The problem with buying cheap electronic thrift books is that you never can tell if they’re self published. I have read some good self published works, but the quality is always hit or miss. Typos or awkward phrasing can be left in and that’s difficult for me. That said, some of them have been worth more than I paid. I have just started in on my latest crop of cheap electronic thrift books, and we’ll see how it goes. The first one was disappointing, but that’s OK.
Cheap books are a passion of mine since I am a voracious reader but refuse to pay full price anymore for all but a very few books. There are about 3 authors for whose books I will pay, but that’s it. The rest I get in trade at a couple of favorite used book stores. There is one that will pay cash for books, but it’s usually so little that I find it’s not worthwhile to sell them there. Instead I wait until I have a nice pile saved up and go to my favorite store that’s about 20 minutes away. They buy books for 1/4 the cover price and sell them for 1/2 cover price. I usually have a large bag of books so I can shop to my heart’s content and not have to pay a penny. They don’t take everything but, if you bought it there, they have to take it back. That’s my go-to place for nonfiction. They take novels as well, but they have such a large selection of nonfiction that I usually only deal with that there. I have another bookstore, right around the corner from my house, to which I take my novels. They’ll accept anything as long as it’s not too torn up. They specialize in genre fiction, which is what I read. (science fiction, romance, thrillers, mysteries, that sort of thing) They have the same trade scheme. Because I trade so many books – anything that’s not a favorite these days – I almost always have a positive balance with both stores so I can shop anytime I want.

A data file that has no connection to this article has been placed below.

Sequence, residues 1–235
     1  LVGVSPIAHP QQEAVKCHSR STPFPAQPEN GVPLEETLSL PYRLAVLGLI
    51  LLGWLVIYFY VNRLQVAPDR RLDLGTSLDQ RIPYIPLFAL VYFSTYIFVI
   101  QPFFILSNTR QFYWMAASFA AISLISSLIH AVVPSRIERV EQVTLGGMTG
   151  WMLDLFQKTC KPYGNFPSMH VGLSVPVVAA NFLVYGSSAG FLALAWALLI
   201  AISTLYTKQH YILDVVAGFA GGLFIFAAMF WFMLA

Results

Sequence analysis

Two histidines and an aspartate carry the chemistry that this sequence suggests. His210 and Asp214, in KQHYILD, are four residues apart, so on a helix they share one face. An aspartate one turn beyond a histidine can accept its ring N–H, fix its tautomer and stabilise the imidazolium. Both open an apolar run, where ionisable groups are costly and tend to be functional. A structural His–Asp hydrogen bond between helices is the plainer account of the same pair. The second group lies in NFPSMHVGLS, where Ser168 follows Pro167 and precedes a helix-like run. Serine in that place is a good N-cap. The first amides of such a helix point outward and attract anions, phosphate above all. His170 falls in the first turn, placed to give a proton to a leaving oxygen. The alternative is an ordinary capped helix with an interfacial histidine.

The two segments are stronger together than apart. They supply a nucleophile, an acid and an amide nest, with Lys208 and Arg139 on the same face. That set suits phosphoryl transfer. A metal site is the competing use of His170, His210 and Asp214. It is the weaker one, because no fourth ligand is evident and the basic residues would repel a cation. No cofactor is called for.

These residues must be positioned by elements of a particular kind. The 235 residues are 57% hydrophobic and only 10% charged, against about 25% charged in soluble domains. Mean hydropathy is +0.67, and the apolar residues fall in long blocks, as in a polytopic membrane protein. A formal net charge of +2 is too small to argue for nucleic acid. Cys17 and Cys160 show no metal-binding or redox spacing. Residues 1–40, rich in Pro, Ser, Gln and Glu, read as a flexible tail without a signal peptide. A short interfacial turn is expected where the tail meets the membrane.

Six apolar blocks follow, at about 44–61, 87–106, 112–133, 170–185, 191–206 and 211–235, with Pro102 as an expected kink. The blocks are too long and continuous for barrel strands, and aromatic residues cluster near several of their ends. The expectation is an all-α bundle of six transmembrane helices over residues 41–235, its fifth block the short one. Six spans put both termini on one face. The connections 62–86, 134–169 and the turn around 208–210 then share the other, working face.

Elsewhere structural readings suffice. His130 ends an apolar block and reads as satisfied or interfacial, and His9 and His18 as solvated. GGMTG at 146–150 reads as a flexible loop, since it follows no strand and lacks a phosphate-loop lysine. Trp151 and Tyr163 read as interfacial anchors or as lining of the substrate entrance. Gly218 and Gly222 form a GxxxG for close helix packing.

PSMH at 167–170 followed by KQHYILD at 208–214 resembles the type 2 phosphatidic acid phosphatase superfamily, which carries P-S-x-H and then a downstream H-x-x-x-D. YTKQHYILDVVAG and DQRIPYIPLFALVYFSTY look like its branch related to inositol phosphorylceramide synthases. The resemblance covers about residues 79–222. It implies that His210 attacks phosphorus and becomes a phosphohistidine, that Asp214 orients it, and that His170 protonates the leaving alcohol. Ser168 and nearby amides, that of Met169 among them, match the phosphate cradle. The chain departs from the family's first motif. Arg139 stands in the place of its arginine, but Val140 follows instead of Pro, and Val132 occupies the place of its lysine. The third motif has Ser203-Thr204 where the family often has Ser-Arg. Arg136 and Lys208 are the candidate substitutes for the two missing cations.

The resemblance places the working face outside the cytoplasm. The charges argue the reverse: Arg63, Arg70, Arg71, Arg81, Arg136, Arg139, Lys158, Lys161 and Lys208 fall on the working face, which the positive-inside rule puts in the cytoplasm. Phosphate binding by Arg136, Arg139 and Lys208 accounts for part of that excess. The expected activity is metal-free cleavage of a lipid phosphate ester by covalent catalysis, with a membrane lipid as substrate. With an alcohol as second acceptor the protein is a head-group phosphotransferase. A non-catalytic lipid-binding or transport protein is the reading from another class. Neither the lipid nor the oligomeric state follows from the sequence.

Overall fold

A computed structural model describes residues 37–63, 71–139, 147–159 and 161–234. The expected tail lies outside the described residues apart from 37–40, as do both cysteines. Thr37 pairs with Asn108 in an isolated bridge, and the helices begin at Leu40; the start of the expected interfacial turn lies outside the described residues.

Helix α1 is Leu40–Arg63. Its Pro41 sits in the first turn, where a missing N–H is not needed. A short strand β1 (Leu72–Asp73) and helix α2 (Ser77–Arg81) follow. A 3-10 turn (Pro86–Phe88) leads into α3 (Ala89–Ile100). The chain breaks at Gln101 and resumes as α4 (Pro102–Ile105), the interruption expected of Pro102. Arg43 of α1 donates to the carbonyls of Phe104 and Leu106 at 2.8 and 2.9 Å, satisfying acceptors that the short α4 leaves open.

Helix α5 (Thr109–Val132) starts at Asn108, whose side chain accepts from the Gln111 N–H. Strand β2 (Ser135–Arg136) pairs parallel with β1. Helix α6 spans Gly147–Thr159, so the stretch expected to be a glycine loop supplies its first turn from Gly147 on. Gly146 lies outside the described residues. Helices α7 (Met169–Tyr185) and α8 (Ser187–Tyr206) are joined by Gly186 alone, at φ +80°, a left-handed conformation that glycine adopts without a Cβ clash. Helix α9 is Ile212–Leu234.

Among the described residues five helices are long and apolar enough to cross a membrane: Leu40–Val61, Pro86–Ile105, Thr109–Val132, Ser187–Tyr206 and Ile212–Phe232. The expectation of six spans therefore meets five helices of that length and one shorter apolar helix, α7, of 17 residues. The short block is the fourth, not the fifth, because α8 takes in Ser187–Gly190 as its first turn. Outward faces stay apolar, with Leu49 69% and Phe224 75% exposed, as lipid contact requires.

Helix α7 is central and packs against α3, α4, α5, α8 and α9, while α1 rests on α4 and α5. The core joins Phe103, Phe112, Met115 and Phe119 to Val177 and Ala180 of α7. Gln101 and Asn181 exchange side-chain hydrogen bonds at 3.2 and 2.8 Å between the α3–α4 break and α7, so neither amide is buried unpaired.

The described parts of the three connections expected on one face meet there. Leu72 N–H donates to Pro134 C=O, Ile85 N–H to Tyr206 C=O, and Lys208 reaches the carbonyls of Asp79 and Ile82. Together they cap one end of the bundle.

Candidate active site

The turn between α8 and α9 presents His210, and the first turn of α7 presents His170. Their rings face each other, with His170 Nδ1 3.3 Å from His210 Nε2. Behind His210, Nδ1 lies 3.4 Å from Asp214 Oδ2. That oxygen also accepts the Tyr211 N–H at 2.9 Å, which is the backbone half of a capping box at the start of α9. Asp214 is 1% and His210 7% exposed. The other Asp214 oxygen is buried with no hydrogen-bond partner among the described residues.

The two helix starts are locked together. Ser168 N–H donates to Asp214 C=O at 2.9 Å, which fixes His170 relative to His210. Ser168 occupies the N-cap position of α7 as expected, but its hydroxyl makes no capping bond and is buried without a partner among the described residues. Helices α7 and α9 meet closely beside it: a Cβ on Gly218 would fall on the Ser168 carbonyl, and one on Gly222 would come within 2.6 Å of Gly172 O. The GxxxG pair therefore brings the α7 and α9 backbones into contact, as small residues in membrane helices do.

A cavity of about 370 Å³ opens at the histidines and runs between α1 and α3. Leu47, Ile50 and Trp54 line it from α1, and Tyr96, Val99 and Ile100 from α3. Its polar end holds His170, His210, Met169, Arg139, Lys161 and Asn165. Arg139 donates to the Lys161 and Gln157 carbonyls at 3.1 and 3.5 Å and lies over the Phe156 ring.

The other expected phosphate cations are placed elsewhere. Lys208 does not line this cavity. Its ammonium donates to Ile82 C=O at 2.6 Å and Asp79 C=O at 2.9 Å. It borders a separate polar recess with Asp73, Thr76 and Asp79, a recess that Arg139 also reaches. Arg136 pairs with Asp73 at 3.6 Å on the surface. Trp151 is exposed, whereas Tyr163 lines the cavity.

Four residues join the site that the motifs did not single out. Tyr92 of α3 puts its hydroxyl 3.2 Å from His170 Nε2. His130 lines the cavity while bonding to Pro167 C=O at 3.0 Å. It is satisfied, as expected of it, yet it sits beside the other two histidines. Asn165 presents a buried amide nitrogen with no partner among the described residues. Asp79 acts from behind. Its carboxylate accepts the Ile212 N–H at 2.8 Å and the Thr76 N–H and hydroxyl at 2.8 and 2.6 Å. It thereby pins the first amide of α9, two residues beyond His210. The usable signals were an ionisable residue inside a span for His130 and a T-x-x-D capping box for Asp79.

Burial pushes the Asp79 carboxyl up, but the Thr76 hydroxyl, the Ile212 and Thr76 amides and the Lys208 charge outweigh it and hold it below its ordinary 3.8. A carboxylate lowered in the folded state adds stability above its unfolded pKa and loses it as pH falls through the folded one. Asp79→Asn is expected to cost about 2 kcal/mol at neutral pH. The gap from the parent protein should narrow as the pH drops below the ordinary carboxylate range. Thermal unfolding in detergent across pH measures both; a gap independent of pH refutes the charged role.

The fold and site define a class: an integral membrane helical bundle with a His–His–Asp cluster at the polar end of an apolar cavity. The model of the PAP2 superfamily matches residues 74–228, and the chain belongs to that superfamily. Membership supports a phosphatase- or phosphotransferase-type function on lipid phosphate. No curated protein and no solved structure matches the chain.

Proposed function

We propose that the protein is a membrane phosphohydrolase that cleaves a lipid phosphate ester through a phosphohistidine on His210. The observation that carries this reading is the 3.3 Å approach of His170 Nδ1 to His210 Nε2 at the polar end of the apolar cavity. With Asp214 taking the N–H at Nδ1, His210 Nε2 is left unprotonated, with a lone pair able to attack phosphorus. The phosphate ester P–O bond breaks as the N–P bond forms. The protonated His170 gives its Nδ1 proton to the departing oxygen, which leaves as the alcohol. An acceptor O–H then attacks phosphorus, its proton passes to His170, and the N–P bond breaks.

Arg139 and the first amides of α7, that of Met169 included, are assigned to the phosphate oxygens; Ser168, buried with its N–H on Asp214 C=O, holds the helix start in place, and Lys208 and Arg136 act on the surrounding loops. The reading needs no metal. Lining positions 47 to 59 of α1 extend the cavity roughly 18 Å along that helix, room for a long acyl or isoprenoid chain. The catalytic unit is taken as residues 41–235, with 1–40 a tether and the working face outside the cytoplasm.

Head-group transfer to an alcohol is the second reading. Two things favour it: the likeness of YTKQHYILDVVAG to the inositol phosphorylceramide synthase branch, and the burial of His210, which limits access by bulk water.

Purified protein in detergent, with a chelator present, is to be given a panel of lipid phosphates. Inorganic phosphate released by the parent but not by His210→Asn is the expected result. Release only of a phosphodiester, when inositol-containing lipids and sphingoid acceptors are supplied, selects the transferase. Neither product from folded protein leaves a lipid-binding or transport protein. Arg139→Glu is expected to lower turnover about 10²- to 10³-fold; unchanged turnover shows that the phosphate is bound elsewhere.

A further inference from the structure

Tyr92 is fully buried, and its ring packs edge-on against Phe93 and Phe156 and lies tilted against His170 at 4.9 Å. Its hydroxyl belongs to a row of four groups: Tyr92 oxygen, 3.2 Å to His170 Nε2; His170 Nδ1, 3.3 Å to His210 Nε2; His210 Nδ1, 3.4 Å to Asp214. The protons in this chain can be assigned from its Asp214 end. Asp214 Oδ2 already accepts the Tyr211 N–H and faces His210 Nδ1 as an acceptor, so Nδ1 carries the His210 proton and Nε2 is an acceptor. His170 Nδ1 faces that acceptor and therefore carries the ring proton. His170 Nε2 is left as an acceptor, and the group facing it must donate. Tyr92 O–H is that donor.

Thrift stores are another good place to find books. Read them and then sell them at the used bookstore and you can actually make money on the deal. I don’t advocate just buying books at the thrift store and turning around and selling them, first because it’s dishonest, and second because used bookstores generally only take books in very good condition that they believe they can resell; most thrift shop books are ones that bookstores won’t take in trade.
Amazon and Barnes and Noble have online bookstores. They both sell used books as well. For those you have to pay shipping, but you can get books in good condition for pennies usually. I usually end up paying about $4 for a book ($0.01 for the book and $3.99 in shipping). The advantage to that is that you can find pretty much any book they have in stock – and they have millions – used. For costlier books, you may not find them for pennies, but you can certainly find them used for less then full price. Usually they are cheaper than full price even after you factor in shipping.
Those are my primary outlets for book shopping. I rarely go into an actual full-price bookstore anymore. Even the few new books that I buy, I buy at Target or Walmart where they discount them. There is nothing quite like getting a great deal on a great book. Not every book is going to be a good one, but enough are that it’s worth looking. At least for me it is.